TORONTO — On the night of his 11th wedding anniversary, Christopher Fulton called his loving wife Teresa from his parked truck to say he would be home shortly.
Fifteen minutes later, the 38-year-old owner-operator for Speedy Transport entered a rural intersection in Hampstead, ON. As he crossed, a passenger van full of migrant farm workers ran a stop sign and veered straight into his path. Chris reacted quickly. He tried to avoid hitting the vehicle head-on, but it was too late. Despite steering away, his truck hit the van, and flipped on its side. Chris lost his life — as did ten of the 13 occupants in the van.
At the time, investigators determined the February 6, 2012 accident would have been much worse had Chris not steered away at the last second. His actions, they said, saved the lives of three of the occupants in the van. In fact, police say he likely would have lived had he not maneuvered his truck, but there’s little chance there would have been any survivors in the other vehicle.
For his bravery and selflessness, Chris was posthumously honored with the 2012 Bridgestone–Ontario Trucking Association Truck Hero Award. The award was presented to Chris’ widow Teresa Fulton at the Ontario Trucking Association’s 86th annual convention in Toronto.
Each year, OTA and Bridgestone Canada recognize a professional truck driver who has demonstrated courage, quick thinking and integrity in the face of an emergency.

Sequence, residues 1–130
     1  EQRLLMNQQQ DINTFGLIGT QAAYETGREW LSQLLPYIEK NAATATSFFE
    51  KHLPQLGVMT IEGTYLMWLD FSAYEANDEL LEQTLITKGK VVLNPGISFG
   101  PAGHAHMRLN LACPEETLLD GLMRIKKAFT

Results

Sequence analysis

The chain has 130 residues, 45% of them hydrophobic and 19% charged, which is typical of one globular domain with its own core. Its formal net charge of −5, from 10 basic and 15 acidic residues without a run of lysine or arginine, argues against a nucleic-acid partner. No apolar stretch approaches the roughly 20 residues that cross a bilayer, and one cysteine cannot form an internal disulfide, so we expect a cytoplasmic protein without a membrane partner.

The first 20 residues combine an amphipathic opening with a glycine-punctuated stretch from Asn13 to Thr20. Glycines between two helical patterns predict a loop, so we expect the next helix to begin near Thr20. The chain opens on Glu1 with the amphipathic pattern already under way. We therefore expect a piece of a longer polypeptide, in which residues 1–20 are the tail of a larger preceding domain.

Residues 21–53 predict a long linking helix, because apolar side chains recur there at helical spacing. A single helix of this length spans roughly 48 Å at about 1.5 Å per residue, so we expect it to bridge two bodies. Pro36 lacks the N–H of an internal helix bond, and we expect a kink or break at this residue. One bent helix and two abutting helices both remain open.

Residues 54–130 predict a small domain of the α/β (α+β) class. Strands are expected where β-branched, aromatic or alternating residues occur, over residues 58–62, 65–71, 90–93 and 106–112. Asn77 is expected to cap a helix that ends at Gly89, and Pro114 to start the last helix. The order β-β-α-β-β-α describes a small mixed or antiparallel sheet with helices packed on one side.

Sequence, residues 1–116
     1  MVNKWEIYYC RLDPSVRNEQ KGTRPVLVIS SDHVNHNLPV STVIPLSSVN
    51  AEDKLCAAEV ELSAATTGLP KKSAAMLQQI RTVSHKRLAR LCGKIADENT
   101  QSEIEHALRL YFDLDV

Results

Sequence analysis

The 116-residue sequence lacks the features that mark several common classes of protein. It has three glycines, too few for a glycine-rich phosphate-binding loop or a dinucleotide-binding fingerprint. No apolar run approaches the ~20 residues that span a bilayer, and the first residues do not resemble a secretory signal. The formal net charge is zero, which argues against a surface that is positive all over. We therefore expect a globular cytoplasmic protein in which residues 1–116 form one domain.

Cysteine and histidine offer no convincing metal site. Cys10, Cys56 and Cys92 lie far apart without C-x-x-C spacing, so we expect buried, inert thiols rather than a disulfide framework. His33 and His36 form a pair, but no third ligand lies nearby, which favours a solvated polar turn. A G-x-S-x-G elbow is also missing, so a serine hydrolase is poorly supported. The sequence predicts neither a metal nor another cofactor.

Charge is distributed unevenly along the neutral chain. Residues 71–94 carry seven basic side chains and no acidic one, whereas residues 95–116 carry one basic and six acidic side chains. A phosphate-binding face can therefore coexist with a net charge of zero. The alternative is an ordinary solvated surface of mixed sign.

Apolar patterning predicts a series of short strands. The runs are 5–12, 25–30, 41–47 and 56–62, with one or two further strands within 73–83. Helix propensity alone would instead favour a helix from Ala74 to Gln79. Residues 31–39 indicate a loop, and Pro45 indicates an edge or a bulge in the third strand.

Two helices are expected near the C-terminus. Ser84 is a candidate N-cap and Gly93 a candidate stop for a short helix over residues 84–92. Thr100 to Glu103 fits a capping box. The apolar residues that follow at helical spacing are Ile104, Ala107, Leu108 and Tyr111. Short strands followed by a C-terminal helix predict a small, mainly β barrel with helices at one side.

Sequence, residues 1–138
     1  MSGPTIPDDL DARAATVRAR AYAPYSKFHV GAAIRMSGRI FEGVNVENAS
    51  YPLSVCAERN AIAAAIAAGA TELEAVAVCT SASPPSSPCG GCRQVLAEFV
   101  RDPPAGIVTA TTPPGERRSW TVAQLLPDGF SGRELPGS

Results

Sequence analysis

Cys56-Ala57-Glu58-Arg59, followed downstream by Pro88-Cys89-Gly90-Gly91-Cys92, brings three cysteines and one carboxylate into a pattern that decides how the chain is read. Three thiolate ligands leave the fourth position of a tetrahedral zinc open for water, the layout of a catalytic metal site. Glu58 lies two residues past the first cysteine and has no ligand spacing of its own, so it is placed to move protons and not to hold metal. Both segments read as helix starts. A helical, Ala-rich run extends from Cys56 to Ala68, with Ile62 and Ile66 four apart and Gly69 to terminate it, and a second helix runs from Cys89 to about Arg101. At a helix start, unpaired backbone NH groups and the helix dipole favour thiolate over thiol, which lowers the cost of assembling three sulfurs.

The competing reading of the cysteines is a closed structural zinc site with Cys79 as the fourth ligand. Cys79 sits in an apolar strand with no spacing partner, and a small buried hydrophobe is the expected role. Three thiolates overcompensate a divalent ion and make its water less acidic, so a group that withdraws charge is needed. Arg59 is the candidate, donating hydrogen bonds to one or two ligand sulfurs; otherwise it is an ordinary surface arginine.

“It takes an extraordinary human being to do what Chris did that night,” says David Bradley, president of the Ontario Trucking Association. “We should all be grateful for truck drivers like Chris Fulton who go about each and every day quietly, safely and professionally. And sometimes, without warning, they find themselves with a choice to put their own lives at risk to save others. Somehow, brave men like Chris always answer the call.”
In a commemorative video produced by the OTA for the award presentation, Teresa Fulton and other family members describe that while he was modest and shy, Chris would have been extremely proud to be honored by his industry peers.
In the video, Teresa also explains how two of the survivors viewed Chris’ actions that night.
“Two of the survivors whom I’ve met … did tell me that right before they and Chris locked eyes. So, Chris saw there were people in the back of that van. (They) told me they believed that Chris saved their lives,” she says. “He did the very best he could and he saved three people’s lives. He’s my hero.”
The traditional cash prize associated with the Truck Hero Award this year will be donated by OTA and Bridgestone in Christopher’s memory to the Multiple Sclerosis Society of Canada, which was the charity chosen by Teresa.
“Christopher embodies everything a truck hero is meant to be,” said Leighton Watkins, regional fleet sales manager for Bridgestone Canada. “Chris put his life on the line to help others, and though it is a tragic loss of life, we are proud to memorialize his bravery and selflessness with this award.”
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